A Dubai resident who is in hospital battling coronavirus has highlighted the gravity of contracting it.
Shane Manning, 42, described being totally “floored” by the virus despite being relatively healthy.
The father of three urged others to take social distancing rules introduced across the UAE seriously.
And he repeated the view that Covid-19 “does not discriminate” and that everyone needed to do their bit to help reduce its spread.
“I swim, bike and do triathlons but here I am stuck in a hospital with pneumonia fighting this virus,” he said.
"I call it the beast in a dark hole, as it came out of nowhere.
“I was floored, had absolutely no energy and I could hardly eat. It’s scary.
“My lungs are 100 per cent consumed by this thing but I’m getting better and I’ve stayed positive throughout.”
Across the world, more than 675,000 people have contracted Covid-19.
The spread of the virus, which has so far caused more than 31,500 deaths, has forced unprecedented lockdown measures in several countries to help curb its spread.
In the US, the number of cases has exceeded the number in China, where the outbreak began.
In the UAE, figures remain relatively low. Total cases stand at 468 with two deaths. A total of 55 people in the country have recovered.
In an interview from his hospital bed, Mr Manning, from Wollongong in New South Wales, Australia, said he first developed symptoms of the virus on March 16.
He was initially struck with severe fatigue, which was followed by full body aches and a fever, he said.
Concerned by his temperature, he went to a local clinic but assumed he was simply suffering from a bout of flu.
Medics there told him they were unable to test for Covid-19 because he had not travelled to any at-risk countries or was knowingly in contact with anyone who was already infected.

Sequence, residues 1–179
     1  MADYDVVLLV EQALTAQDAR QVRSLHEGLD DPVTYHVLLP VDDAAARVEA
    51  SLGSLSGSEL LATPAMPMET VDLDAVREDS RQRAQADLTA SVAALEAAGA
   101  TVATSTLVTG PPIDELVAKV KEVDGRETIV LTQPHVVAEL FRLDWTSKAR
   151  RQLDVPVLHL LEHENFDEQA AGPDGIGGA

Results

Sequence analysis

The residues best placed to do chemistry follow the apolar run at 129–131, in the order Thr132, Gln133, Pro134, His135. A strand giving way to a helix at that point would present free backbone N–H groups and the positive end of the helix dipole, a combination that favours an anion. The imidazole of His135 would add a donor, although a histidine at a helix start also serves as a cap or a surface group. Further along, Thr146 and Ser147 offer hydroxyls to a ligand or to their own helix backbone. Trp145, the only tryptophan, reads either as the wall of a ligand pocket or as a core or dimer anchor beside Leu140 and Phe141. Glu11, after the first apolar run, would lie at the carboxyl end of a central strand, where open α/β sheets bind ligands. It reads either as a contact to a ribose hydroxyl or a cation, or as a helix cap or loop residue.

And after a few days spent recovering at home he decided to go camping with friends and family.
"We stayed for one night but when I got home, that is when it really hit me," he told The National.
“It started with cold-like symptoms, then progressed to a full on flu-like feeling with body aches.
“Then stage three hit. That came in and dragged me into a deep dark hole.
“It kicked me hard and the doctors confirmed I had full-blown pneumonia.
“Initially, I would delay laying down at night just because I knew I’d have a coughing fit.”
Mr Manning is in his sixth day as a patient at Mediclinic Parkview Hospital in Dubai.
He returned to hospital after his camping trip after hearing a friend had contracted the virus.
On March 22, Mr Manning tested positive for Covid-19 along with his wife, Suman, who is asymptomatic.
She is self-isolating at home as friends and relatives care for the couple’s children.
“We are two opposite versions of the same disease,” Mr Manning said.
“To date, my wife has showed no signs, so it really effects people in different ways.”
Last week, Mr Manning shared a video on Facebook detailing his time in isolation in hospital.
He said he wanted to demonstrate to the wider public the effects of the virus and to stress it needed to be taken seriously.
“I’m sharing this because so many people are just not taking this thing serious enough,” he wrote on Facebook.
“Maybe now you actually ‘know someone’ with it, you will take it serious and actually stay home.”
On Sunday, Mr Manning said he was “still struggling”, but was “finally coming out the other side” thanks to the efforts of staff.
Each day, he is woken up by a nurse at about 4.30am for a blood test and chest X-ray.
Every few hours, doctors or nurses check his vital signs, including his blood pressure.
“They have to monitor my CRP levels, the levels of inflammation in my body, because that was dangerously high for a few days,” he said.
“I’m swabbed every day to see if I’m still infectious and for now, I am. But I’m holding out hope for the next few days.
“I’m a 42-year-old fit and healthy guy, but let me tell you, this thing is nasty if it wants to be.
“We don’t have a real understanding of the extent it could go to or how it could manifest, so as a patient with the virus I urge people to stay home, keep a distance and be responsible if only for those more vulnerable.”